HB ISBN 978-0-300-12124-7 £25.00*

Francis Ames-Lewis is emeritus professor of the history of Renaissance art at Birkbeck, University of London. He is the author of The Intellectual Life of the Early Renaissance Artist, published by Yale.

Orsanmichele and the History and Preservation of the Civic Monument
Edited by Carl Brandon Strehlke
This far-ranging collection of essays – the first book-length scholarly exploration of Orsanmichele since 1996 – marks the conclusion of a decades-long campaign to restore the magnificent medieval church and its art, most notably Orsanmichele’s celebrated niche sculptures. Originally commissioned by Florence’s trade guilds acting in competition with one another, the sculptures represent work by some of the greatest artists of the day – including Donatello, Filippo Brunelleschi, Andrea Pisano, Nanni di Banco, Lorenzo Ghiberti and Andrea del Verrocchio – and are among the finest examples of Renaissance art in the world. Carl Brandon Strehlke is adjunct curator of the John G. Johnson Collection at the Philadelphia Museum of Art. In twenty-two original essays by leading scholars working across disciplines, Orsanmichele and the History and Preservation of the Civic Monument makes important new information about the history and restoration of the church available for the first time, and examines the monument in its broadest context as a civic and religious centre from the Middle Ages to the present day, revealing the historic building’s evolving role as repository of history and living institution.
Studies in the History of Art Series Published by the National Gallery of Art, Center for Advanced Study in the Visual Arts / Distributed by Yale University Press
Translation rights: National Gallery of Art, Washington DC

April 416 pp. 279x229mm. 145 colour + 176 b/w illus.
HB ISBN 978-0-300-13589-3 £50.00*

40 Art
Bless, BLESS N°43 Know Howowow, Fall/Winter 2011, published in mono.kultur 28 (Summer 2011).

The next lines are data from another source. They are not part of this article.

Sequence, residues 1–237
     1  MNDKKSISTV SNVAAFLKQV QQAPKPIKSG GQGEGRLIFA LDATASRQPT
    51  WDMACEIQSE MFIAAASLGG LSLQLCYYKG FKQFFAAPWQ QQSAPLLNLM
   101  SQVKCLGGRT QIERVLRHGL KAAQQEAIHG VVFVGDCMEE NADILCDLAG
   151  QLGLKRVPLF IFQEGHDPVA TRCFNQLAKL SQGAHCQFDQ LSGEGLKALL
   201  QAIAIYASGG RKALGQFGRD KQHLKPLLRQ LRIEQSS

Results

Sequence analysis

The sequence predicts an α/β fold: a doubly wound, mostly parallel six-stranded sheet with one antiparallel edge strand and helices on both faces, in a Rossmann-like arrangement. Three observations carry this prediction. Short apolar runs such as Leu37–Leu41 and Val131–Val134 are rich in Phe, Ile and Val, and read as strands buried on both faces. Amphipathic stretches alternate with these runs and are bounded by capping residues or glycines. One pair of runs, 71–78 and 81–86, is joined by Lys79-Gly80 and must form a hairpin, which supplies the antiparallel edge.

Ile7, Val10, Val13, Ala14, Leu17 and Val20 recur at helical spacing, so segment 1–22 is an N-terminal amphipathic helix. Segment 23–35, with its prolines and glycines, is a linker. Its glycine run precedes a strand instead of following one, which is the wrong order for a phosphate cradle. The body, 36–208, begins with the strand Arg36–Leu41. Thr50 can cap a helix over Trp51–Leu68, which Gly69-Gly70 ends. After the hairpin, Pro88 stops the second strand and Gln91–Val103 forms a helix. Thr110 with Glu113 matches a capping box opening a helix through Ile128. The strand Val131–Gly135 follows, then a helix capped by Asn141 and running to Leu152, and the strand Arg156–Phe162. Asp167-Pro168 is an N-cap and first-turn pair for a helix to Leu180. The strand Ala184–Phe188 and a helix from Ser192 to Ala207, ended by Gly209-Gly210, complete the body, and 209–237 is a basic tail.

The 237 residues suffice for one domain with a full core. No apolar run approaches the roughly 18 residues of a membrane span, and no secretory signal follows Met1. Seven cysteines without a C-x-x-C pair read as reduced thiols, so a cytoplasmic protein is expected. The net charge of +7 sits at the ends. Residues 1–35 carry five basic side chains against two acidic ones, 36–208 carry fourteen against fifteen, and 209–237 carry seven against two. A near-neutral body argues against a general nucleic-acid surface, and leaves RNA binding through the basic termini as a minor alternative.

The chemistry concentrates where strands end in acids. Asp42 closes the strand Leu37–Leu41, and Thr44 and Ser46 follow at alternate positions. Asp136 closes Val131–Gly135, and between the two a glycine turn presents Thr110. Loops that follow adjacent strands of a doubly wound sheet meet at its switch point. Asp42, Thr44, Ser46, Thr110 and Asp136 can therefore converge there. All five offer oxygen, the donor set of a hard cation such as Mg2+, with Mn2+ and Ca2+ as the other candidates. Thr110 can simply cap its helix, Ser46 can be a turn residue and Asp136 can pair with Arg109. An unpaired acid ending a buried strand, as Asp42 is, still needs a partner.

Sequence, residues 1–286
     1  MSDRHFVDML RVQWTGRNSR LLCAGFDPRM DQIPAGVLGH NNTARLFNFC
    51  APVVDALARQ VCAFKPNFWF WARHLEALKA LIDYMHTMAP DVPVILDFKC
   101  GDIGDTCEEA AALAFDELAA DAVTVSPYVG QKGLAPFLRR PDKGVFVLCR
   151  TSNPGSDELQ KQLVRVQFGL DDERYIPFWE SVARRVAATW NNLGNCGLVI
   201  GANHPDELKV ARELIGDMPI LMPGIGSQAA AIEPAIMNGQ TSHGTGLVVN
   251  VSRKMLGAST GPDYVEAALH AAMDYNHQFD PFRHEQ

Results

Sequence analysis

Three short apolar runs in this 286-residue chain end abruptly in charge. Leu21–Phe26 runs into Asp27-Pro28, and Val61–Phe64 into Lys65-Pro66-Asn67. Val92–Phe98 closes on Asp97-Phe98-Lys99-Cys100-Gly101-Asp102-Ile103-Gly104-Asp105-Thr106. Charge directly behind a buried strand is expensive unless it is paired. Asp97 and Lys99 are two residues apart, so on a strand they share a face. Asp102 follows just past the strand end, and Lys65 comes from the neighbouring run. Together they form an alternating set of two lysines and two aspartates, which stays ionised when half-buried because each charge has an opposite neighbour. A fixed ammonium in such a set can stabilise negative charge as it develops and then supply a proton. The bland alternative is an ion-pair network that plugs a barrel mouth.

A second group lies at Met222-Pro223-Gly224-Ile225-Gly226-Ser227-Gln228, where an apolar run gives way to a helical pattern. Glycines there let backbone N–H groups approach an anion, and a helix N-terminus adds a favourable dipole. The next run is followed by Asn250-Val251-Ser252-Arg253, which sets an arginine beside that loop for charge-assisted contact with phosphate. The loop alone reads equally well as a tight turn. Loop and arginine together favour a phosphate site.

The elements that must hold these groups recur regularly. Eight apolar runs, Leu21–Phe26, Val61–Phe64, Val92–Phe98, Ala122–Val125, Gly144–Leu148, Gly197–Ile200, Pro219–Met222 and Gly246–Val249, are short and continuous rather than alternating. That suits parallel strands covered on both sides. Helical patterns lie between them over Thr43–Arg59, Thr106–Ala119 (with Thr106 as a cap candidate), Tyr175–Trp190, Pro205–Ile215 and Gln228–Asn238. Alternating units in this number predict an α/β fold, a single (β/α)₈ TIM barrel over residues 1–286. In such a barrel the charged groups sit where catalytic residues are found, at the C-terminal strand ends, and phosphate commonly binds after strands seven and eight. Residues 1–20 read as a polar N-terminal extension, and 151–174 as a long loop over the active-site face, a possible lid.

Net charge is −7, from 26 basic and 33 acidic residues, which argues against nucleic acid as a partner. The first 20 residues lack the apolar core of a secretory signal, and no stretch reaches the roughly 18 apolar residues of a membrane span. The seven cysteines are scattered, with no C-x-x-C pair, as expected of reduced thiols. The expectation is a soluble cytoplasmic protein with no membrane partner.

Fashioning the Object
Bless, Boudicca, and Sandra Backlund Zoë Ryan
Fashioning the Object invites readers to visit three visionary design studios at work today: Bless, Boudicca and Sandra Backlund. Independent and farreaching in their influences, these young designers from Berlin, London, Paris and Stockholm are producing fashion objects that straddle the line between traditional craft and cutting-edge technique, both in materials and promotion of their brands. Zoë Ryan establishes the context for understanding the departures these design houses represent, as the creators draw inspiration from other disciplines, including architecture, performance, film and fine art. From Bless’s numbered editions, to Boudicca’s graffiti-can perfume, to Backlund’s ready-to-wear pieces of knitted copper, these designers adapt storied objects to new uses and break old conventions in groundbreaking ways. Exhibition The Art Institute of Chicago, 11/4/12 – 5/8/12 Zoë Ryan is the Art Institute of Chicago’s Chair and John H. Bryan Curator of Architecture and Design. A+D Series • Distributed for the Art Institute of Chicago

What Clothes Reveal
The Language of Clothes in Colonial and Federal nt America ba ck in pri Linda Baumgarten
Paintings of upper-class men and women tell an important part of the history of costumes, but surviving garments themselves reveal even more. Every crease, stitch and stain in a piece of clothing supplies information about its wearer and its era. This stunning book features 18th- and early-19thcentury garments from the premiere collection of the Colonial Williamsburg Foundation. Illustrated with more than 300 colour photographs, including many details and back views, the book treats not only elegant, high-style clothing in colonial America but also garments for everyday and work, the clothing of slaves, and maternity and nursing apparel. The book also examines the myths and meanings of clothing in British and American society, clothing for the entire lifecycle and a history of clothing alteration. Linda Baumgarten is curator of textiles and costumes at the Colonial Williamsburg Foundation, Williamsburg, Virginia. Published with the Colonial Williamsburg Foundation